I want to say that The Church of Jesus Christ of Latter-day Saints accepts all that is true in the world from whatever source it may come, with the knowledge that it originated with the greatest of all scientists, our Father in Heaven.
And so I congratulate the students of this great institution [BYU]to think that you have all advantages that the people of the world have, plus the advantages of faith in God, a belief in the power of our Heavenly Father and His inspiration....


But gaining knowledge is one thing, and applying it [is[ quite another. Wisdom is the right application of knowledge, and true education--the education for which the Church stands--is the application of knowledge to the development of a noble and Godlike character.


We are sending you out as artists, scientists, teachers, and philosophers. Will you never forget the theme of the lesson we are talking about, that you are but branches of a divine tree and that you of yourself, you can do nothing? All truths whether called science or religion, or philosophy, come from a divine source.
You, then, I plead with y ou, do not in your search for truth, allow yourselves to become severed from the "vine". In all your learning, measure it and test it by the white light of truth revealed to the prophet of God and you will never be led astray.


Many in the secular world are often sdrift and anchorless. Only an education which educates for eternity has the wholeness which humans need. When we separate learning from divine moral truth, it deteriorates into a restless, roving search for meaning and often drifts into a sensual selfishness.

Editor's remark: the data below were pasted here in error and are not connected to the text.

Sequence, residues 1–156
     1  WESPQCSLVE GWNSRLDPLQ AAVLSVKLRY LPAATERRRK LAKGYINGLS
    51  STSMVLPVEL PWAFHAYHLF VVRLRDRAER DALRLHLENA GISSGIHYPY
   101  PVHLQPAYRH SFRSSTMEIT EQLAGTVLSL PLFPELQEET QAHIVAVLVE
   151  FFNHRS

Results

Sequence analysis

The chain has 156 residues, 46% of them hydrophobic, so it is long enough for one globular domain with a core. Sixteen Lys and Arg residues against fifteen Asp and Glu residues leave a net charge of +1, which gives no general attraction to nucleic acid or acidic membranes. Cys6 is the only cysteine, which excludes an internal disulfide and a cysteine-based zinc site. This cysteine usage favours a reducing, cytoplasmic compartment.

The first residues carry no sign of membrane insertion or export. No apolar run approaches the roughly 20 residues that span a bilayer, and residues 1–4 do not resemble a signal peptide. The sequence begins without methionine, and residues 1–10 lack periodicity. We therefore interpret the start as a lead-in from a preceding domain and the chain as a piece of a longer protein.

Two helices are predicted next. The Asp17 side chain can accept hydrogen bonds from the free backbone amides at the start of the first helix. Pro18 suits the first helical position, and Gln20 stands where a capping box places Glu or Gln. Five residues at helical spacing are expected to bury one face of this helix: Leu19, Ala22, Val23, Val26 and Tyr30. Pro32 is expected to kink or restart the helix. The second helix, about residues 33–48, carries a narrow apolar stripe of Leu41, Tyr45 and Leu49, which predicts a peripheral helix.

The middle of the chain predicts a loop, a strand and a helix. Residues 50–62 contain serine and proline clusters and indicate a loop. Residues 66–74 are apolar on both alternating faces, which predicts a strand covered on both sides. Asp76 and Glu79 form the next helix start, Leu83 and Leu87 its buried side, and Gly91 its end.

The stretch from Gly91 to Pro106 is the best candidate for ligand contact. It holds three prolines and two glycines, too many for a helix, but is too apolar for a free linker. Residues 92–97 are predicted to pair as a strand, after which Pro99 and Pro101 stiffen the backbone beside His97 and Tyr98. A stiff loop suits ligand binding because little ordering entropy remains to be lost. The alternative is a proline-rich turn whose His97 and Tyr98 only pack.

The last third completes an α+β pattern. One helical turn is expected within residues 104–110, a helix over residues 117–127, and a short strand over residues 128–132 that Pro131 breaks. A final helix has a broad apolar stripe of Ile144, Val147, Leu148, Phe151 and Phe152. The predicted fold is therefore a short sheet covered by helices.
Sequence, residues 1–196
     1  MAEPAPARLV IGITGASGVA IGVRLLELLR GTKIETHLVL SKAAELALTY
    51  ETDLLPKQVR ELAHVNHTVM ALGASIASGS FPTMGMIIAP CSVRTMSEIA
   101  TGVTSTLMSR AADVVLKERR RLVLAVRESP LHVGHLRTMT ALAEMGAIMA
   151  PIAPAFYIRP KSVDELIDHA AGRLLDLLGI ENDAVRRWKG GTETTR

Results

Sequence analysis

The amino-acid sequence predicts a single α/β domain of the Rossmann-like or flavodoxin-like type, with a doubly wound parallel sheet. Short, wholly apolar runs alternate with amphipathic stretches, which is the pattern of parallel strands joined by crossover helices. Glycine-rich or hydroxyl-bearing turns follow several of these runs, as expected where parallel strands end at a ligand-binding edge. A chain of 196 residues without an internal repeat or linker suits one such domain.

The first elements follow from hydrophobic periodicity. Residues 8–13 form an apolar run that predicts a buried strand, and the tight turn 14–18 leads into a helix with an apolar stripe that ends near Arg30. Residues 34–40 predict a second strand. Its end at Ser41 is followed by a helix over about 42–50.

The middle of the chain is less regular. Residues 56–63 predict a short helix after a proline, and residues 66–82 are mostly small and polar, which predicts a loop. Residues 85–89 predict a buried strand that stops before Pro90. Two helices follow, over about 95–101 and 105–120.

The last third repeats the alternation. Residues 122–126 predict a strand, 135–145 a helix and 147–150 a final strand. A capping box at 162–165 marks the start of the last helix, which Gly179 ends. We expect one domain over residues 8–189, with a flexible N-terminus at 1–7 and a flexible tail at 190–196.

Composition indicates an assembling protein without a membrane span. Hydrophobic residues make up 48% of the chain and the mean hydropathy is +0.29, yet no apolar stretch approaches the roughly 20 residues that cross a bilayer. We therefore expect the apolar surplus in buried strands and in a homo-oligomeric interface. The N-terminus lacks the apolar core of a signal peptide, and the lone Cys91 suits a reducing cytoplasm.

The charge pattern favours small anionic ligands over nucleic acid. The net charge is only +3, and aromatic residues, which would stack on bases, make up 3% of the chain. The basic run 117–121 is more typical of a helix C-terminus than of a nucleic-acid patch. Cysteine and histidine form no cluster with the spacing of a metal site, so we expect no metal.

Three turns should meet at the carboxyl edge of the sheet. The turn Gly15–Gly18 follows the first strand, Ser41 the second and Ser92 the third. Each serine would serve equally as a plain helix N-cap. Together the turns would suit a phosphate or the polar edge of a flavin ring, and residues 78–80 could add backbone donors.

The scientific approach to proof is by experimentation in the laboratory...We cannot overlook the great good this approach by science has upon the lives of persons, but how about those things which lie outside of the realm of positive, tangible proof? This question brings us to the higher law. It is through the assurance that comes from fiath....Thomas had said, "To see is to believe," but Christ answered, "To believe is to see."


We live in a world where knowledge is developing at an ever-accelerating rate. Drink deeply from this ever-springing well of wisdom and human experience. If you should stop now, you will only stunt your intellectual and spiritual grwoth. Keep everlastingly at it. Read. Read, REad. REad the word of God in sacred books of scripture. Read from the great literature of the ages. Read what is being said in our day and time and what will be said in the future.